Supreme Court nominee Judge Brett Kavanaugh. (Photo: Diego M. Radzinschi / ALM)

Updated 11:45 a.m.

News of a “confidential letter” that  contains allegations of sexual misconduct against Supreme Court nominee Brett Kavanaugh comes as a harsh reminder that the path to a seat on the high court is not always smooth, even after the confirmation hearing is over.

The developing story of alleged long-ago misconduct by Kavanaugh, first made public on Thursday, seems to parallel what happened to Justice Clarence Thomas after his contentious confirmation hearing in 1991.

Rumors of misconduct by Thomas had circulated before the hearing, but it was not until afterward that Anita Hill’s claims of sexual harassment went public. A new hearing was arranged, and Thomas’ angry denial, followed by Anita Hill’s testimony, captivated the nation. Thomas was still confirmed, by a 52-48 vote.

With Kavanaugh, Sen. Dianne Feinstein, D-California, apparently was aware of the letter before last week’s hearing but did not act on it until Judiciary Committee Democrats met on Wednesday. She turned the letter over to the FBI, where it has been placed in Kavanaugh’s background file. Several media outlets reported that no FBI investigation into Kavanaugh has been launched as a result of the letter.

The New Yorker on Friday said the letter alleged that, “during an encounter at a party, Kavanaugh held her down and that he attempted to force himself on her.” The report said the alleged incident “had been a source of ongoing distress for her and that she sought psychological treatment as a result.”

In a statement on Friday, Kavanaugh said: “I categorically and unequivocally deny this allegation. I did not do this back in high school or at any time.”

“There are echoes of the painful 1991 Senate confirmation hearings for Clarence Thomas,” said Jane Mayer, co-author of “Strange Justice,” a 1994 book about the Thomas nomination, on Thursday night. “But one very big difference is that back then, [Sen.] Joe Biden [D-Delaware] was chairman of the Judiciary Committee and the rest of the committee members were male. This time, it is a female senator … who took the lead.” Mayer, a New Yorker staff writer, and Ronan Farrow co-authored the article released Friday morning.

A White House spokeswoman, Kerri Kupec, derided the Democratic maneuvering as an “eleventh hour attempt to delay” Kavanaugh’s confirmation, which is set for a Senate committee vote on Sept. 20.

“Throughout his confirmation process, Judge Kavanaugh has had 65 meetings with senators—including with Senator Feinstein—sat through over 30 hours of testimony, addressed over 2,000 questions in a public setting and additional questions in a confidential session,” Kupec said in a statement. “Not until the eve of his confirmation has Senator Feinstein or anyone raised the specter of new ‘information’ about him.”

The Senate Judiciary Committee on Friday released a letter from 65 women who said they knew Kavanaugh during his high school years at Georgetown Preparatory, the all-boys school in Rockville, Maryland, he attended between 1979 and 1983. “For the entire time we have known Brett Kavanaugh, he has behaved honorably and treated women with respect,” according to the letter writers, many of whom said they attended all-girls high schools in the area.

The Kavanaugh kerfuffle could turn into a minor bump in the road—unless the allegations are so serious that senators in the #MeToo era decide they have to confront the situation. A key difference between the Thomas proceedings and Kavanaugh’s is that Republicans now call the shots in the Judiciary Committee and the entire Senate.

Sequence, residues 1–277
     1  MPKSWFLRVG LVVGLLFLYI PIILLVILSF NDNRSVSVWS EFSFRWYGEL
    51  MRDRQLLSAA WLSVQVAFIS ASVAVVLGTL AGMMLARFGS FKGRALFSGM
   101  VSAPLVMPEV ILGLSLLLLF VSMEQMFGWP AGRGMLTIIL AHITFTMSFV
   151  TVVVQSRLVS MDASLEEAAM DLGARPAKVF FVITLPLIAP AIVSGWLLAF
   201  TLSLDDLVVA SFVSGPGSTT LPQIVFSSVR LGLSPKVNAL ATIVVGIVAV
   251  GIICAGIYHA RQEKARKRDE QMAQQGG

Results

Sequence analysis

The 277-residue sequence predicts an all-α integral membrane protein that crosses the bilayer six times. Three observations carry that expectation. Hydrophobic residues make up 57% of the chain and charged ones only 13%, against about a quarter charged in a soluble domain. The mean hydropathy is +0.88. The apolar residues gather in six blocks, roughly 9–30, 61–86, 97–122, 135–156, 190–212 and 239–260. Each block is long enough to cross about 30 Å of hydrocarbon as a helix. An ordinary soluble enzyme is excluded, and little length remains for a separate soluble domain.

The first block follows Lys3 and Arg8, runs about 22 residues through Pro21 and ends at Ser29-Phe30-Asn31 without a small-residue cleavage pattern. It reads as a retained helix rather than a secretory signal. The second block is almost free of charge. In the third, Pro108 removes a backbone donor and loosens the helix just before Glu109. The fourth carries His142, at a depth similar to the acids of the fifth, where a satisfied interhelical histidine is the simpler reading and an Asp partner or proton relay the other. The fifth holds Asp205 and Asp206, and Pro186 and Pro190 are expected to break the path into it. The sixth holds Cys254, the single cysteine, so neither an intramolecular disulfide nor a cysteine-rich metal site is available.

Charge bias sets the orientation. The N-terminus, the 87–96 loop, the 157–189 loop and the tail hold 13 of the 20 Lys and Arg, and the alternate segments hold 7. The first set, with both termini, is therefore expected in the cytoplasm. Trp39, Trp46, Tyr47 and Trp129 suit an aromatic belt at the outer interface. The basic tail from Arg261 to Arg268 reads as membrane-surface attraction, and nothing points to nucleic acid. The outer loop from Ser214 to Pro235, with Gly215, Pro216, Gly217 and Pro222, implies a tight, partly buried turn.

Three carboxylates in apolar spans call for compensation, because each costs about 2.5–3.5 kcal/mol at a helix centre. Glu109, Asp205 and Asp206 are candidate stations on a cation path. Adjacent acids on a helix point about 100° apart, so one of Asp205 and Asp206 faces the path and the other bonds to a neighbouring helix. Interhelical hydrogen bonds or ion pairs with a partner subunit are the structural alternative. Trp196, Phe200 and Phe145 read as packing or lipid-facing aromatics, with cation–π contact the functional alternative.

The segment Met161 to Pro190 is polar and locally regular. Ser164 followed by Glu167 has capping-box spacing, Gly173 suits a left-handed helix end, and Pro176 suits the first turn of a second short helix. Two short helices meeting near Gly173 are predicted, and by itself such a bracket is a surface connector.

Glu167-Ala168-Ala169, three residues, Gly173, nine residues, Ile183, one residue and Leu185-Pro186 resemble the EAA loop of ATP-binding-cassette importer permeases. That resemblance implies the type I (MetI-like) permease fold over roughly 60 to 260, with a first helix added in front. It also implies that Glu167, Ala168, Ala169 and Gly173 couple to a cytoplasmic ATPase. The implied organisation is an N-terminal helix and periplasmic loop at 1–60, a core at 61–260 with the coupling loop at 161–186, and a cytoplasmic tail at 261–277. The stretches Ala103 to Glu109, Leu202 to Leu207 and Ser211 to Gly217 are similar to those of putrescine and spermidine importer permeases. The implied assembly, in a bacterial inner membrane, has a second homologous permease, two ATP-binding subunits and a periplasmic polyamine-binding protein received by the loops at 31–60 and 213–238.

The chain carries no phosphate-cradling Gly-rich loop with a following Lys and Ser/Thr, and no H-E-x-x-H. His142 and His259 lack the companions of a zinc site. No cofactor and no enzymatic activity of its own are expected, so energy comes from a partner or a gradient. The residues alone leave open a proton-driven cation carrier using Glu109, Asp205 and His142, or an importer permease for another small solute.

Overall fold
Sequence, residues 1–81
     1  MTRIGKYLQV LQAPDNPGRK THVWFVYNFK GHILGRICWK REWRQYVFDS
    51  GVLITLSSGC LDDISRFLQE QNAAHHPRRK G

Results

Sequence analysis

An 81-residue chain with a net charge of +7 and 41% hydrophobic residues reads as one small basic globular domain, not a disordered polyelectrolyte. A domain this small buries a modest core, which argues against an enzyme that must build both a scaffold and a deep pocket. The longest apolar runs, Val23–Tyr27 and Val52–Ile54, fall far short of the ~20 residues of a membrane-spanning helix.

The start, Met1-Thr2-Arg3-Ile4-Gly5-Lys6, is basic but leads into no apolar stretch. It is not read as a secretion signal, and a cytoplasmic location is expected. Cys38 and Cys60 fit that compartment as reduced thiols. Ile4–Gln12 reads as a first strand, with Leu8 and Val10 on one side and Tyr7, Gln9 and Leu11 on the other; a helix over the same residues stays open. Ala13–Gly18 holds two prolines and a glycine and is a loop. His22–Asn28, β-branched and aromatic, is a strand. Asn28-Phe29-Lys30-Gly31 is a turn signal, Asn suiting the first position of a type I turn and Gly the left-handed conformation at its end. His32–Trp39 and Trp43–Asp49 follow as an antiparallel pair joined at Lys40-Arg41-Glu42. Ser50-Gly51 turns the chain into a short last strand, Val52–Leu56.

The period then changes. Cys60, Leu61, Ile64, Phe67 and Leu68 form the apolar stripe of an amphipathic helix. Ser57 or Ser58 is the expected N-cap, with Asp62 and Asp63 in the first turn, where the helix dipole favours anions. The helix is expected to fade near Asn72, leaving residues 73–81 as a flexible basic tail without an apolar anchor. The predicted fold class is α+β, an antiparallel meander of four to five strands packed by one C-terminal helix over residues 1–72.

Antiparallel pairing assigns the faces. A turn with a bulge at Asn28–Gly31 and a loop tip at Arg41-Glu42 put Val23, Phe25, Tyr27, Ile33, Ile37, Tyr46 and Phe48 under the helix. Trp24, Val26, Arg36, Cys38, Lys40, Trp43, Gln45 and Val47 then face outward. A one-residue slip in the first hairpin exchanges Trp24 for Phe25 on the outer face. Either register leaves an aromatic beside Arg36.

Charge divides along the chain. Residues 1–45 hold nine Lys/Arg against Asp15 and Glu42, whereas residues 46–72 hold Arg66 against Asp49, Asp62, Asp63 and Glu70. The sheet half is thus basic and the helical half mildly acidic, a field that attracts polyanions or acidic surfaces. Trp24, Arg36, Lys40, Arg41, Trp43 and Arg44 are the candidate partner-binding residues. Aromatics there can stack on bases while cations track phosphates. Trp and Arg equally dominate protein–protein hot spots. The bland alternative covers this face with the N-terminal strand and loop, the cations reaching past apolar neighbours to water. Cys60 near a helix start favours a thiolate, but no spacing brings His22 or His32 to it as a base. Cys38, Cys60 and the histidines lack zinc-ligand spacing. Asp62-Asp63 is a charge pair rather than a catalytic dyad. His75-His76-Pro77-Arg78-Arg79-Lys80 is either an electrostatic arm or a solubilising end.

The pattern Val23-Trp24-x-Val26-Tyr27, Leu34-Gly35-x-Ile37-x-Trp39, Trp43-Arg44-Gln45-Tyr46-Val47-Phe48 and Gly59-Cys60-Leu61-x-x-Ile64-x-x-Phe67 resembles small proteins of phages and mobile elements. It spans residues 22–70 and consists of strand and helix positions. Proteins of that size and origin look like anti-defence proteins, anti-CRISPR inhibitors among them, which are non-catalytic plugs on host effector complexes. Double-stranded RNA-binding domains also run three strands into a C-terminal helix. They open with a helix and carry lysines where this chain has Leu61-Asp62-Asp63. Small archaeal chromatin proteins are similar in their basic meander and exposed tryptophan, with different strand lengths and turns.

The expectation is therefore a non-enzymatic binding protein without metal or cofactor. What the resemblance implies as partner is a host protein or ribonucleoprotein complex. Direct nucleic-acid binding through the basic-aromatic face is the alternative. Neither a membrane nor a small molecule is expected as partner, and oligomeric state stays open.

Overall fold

Feinstein’s statement Thursday about the matter said the individual at the center of the letter “strongly requested confidentiality, declined to come forward or press the matter further, and I have honored that decision.”

Other nominees who preceded Kavanaugh in being nominated for the same seat he is expected to occupy have run into other kinds of trouble.

President Ronald Reagan named Robert Bork to succeed Justice Lewis Powell Jr. in 1987, but a combination of Bork’s conservative stances and his imperious demeanor during the hearing scuttled his nomination by a 42-58 vote. Next up was Douglas Ginsburg, who withdrew before his hearing began because of reports that he smoked marijuana when a professor at Harvard Law School. Reagan then nominated Anthony Kennedy, who was confirmed by a unanimous vote and served until July of this year.

Coincidentally, Bork, Ginsburg and now Kavanaugh all hailed from the U.S. Court of Appeals for the D.C. Circuit, as does onetime Obama pick Merrick Garland, whose nomination was blocked by Republicans in 2016. Other ill-fated nominees include Nixon appointees Clement Haynsworth Jr. in 1969 and G. Harrold Carswell in 1970.

Not all last-minute revelations about justices end in defeat or withdrawal.

The Senate confirmed Hugo Black in 1937 by a 63-16 vote and Black and his wife promptly went on a European vacation. While he was away, the Pittsburgh Post-Gazette published an investigative report about Black’s involvement with the Ku Klux Klan.

When he returned to the United States, Black gave a nationwide speech on NBC Radio to acknowledge he had been a member years before but had no recent connections with the Klan. The controversy died down, and Black served on the court as a liberal justice until 1971.

And then there was Henry Brown, who shot an intruder at his home in Detroit soon after he was nominated to the Supreme Court in 1890. That was a time when no hearings were held for nominees, and the shooting did not keep Brown from being reported favorably by the Judiciary Committee and confirmed by the Senate by acclamation. He went on to write the majority opinion in the reviled decision Plessy v. Ferguson in 1896.

 

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